The reduction of an entity’s carbon footprint to less than neutral, so that the entity has a net effect of removing carbon dioxide from the atmosphere rather than adding it, the entity is called carbonnegative. Carbon Negative sounds bad even though it’s the most altruistic of all sustainability concepts and terms. Becoming carbon negative requires a company, sector or country to remove more carbon dioxide carbon dioxide from the atmosphere than it emits. This means removing carbon dioxidefrom the atmosphere, or sequestering more carbon dioxide than is emitted. This might include a bioenergy process combined with carbon capture and storage.

Carbon Negative and Climate Positive are interchangeable terms.Climate positive?means that an activity goes beyond achieving net zero carbon emissions to actually create an environmental benefit by removing additional carbon dioxide from the atmosphere.The benefit of climate positive initiatives is the spillover benefits they create for other people, companies, or localities that may not have the means or initiative to reduce their own carbon footprints. Ideally, carbon neutrality will become the eventual standard across the board, climate positive initiatives can, in the meantime, help pick up some of the slack.

A ‘carbon positive’ building takes the various strategies a step further by producing more energy than it needs and feeding that energy back into the grid. Carbon positive?moves beyond carbon zero by making additional ‘positive’ or ‘net export’ contributions by producing more energy on site than the building requires and feeding it back to the grid. Carbon positive projects can make significant contributions by helping to address the carbon intensity and damaging impacts of past building practices and lifestyles, and by offsetting situations where carbon zero buildings are not possible.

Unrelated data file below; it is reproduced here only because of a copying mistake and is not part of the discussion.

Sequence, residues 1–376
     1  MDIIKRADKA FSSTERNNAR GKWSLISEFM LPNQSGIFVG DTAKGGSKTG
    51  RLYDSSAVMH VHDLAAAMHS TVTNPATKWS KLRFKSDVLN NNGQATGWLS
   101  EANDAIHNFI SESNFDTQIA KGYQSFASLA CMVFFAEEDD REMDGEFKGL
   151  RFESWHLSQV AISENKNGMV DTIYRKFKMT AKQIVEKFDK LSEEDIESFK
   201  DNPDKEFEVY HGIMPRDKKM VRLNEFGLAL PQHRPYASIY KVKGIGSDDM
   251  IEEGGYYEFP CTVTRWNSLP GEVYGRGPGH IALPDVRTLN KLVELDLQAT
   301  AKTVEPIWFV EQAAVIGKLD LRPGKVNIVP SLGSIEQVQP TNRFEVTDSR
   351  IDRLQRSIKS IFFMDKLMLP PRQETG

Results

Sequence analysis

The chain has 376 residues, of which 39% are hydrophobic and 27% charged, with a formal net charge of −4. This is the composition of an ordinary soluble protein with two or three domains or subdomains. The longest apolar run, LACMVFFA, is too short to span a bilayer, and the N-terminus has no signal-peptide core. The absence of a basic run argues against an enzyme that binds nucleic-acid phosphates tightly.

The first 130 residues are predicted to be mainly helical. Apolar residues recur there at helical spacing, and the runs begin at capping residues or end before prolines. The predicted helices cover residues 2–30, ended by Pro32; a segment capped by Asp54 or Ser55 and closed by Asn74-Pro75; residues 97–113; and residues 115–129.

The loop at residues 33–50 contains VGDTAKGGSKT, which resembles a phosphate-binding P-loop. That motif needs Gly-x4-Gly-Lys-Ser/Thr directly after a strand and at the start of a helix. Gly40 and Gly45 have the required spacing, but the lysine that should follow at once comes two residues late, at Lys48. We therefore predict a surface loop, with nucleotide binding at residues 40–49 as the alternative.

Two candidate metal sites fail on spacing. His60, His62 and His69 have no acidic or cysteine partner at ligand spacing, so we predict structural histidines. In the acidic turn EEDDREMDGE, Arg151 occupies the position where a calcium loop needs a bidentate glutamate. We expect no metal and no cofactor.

Carbon Negative Strategies

  • Afforestation and reforestation - Afforestation means planting trees where there were previously none. Reforestation means restoring areas where the trees have been cut down or degraded. Because trees take up carbon dioxide from the atmosphere as they grow, planting more trees means boosting how much carbon dioxide forests absorb and store. The UN’s Clean Development Mechanism provides a financial incentive for countries to increase their forest stocks.Estimates suggest that afforestation and reforestation can sequester carbon dioxide at a rate of 7 tonnes per hectare per year, and comes with an associated cost of $20-100 per tonne.
  • Biochar - Biochar is produced by burning biomass, such as wood, crop wastes and manurethroughpyrolysis i.e. cutting off the supply of oxygen. The carbon in the resulting biochar is very slow to break down. This means the carbon it absorbed from the atmosphere while it was mere biomass is locked up for hundreds or even thousands of years. A recent study found that biochar has the potential to sequester up to 8 bn tonnes of carbon dioxide equivalent per year. Adding biochar to soils can improve its fertility – acting as a slow-release sponge for water and nutrients – and boost crop yields. The most famous example of this is the Terra Preta (“black earth”) soils in Brazil.Other benefits include biochar being a convenient way of disposing of agricultural wastes, and producing heat and biofuels as by-products during pyrolysis.